When we were in Gothenburg for a long weekend, except for a few obese men in the beer cellar, already scoffing beer mid-morning, and a scattering of overweight women, we didn’t see any other grossly obese men or women the first four days. Most people were trim, rather than thin, but even a bit of plumpness was uncommon.
Then, on day 5, as we sat drinking coffee in an outdoor café, a family of an obese woman and her overweight children, well on the way to obesity, passed by. It was Monday and there were more people out and about than previously. A scattering of obese men and women then strolled past – none of the size portrayed in Ilu Susiraja’s selfies.
Back in London, our first morning back, two obese women were queuing at the bus stop and then, as I made my way to Sainsbury’s, obese men and women were common.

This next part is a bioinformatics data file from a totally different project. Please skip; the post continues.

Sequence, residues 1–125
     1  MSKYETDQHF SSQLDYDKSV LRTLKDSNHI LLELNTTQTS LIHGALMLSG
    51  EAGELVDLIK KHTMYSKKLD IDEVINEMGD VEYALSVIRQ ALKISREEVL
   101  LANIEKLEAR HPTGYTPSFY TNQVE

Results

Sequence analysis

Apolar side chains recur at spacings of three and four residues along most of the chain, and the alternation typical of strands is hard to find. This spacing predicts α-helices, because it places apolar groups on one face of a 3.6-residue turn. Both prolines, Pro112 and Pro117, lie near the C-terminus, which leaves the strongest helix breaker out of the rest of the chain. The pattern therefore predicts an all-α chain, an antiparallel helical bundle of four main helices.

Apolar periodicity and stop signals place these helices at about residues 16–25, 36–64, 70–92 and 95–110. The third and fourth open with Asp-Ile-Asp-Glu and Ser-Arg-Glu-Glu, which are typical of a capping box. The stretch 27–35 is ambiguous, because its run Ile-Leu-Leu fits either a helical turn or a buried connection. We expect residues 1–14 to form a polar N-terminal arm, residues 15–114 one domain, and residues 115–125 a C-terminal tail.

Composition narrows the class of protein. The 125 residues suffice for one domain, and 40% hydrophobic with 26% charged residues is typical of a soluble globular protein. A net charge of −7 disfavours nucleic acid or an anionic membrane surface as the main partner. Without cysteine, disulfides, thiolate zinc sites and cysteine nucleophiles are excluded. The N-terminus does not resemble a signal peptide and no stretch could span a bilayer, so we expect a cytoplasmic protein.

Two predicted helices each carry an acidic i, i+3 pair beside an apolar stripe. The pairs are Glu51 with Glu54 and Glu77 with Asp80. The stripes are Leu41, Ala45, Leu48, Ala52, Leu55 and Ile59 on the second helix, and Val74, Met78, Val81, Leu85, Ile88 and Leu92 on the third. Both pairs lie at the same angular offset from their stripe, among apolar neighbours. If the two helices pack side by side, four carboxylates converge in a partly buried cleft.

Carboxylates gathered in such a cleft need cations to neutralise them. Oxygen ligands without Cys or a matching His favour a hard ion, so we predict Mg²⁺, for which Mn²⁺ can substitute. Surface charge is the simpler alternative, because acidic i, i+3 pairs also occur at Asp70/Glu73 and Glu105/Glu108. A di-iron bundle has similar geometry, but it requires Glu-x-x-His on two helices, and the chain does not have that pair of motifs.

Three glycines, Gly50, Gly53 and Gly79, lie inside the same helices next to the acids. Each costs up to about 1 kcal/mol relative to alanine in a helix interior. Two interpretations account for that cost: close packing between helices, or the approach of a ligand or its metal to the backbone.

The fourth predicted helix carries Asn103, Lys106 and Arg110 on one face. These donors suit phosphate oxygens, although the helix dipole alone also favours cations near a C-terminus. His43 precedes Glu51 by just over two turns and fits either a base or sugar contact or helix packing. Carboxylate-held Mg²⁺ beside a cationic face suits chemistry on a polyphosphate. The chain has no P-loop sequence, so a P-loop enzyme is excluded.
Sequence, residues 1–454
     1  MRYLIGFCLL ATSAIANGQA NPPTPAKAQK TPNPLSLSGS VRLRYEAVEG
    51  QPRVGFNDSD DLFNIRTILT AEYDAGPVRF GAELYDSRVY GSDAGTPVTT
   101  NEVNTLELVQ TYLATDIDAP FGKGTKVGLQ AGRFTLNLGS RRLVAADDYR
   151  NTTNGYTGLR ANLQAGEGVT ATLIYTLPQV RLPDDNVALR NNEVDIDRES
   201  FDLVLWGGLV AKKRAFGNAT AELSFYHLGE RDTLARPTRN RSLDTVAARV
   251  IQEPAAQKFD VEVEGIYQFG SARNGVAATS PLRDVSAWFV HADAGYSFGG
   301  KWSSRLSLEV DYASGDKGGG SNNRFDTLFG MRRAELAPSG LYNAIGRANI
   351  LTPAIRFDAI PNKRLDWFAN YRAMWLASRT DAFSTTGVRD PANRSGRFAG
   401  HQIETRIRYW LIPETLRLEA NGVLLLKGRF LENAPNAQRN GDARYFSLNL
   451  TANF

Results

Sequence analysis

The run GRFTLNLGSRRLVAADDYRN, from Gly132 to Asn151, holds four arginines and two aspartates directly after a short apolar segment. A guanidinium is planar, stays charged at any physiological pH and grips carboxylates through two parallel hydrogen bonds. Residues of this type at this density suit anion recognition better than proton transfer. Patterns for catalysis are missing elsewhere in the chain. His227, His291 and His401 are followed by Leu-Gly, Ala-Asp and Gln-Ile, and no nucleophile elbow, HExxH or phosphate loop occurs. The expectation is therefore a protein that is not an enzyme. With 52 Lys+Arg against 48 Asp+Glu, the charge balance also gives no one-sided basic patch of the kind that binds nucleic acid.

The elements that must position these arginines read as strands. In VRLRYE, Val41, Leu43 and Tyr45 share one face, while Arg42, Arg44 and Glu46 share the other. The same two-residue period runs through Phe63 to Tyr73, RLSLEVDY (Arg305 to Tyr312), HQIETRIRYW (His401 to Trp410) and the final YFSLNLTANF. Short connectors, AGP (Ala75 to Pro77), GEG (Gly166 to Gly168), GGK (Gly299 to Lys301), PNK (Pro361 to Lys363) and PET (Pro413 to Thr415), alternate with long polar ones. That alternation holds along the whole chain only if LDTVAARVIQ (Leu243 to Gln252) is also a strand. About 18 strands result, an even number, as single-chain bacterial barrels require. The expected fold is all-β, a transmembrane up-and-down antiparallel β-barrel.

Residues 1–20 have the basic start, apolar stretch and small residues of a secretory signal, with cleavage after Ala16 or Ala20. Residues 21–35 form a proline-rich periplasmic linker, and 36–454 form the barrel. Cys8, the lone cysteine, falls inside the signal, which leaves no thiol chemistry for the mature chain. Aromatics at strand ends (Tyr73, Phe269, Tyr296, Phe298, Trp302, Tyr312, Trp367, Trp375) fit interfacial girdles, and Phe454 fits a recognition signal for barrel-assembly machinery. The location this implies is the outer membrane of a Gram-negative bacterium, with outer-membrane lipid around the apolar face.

According to the latest (2013) avalable data International Obesity , only 12.9% of Swedish people are obese, while here in England the figure is 24.8% (Scotland 27.7%, Northern Ireland 23%, Wales 22%). In the USA, heading the Obesity league table after the Pacific Islands and Kuwait, the Obesity Prevalence is 35.9%. Japan has the lowest figure for obesity at 3.5%.
Obesity is multifactorial but the abundance of cookshops we saw in Gothenburg (and in Stockholm) attests to the Swedes’ interest in home cooking as opposed to living on takeaways.
This must be a significant factor in their enviable place at 26th on the 2013 Obesity League table which shows England at 7th place and USA in first place, a clear winner – or loser!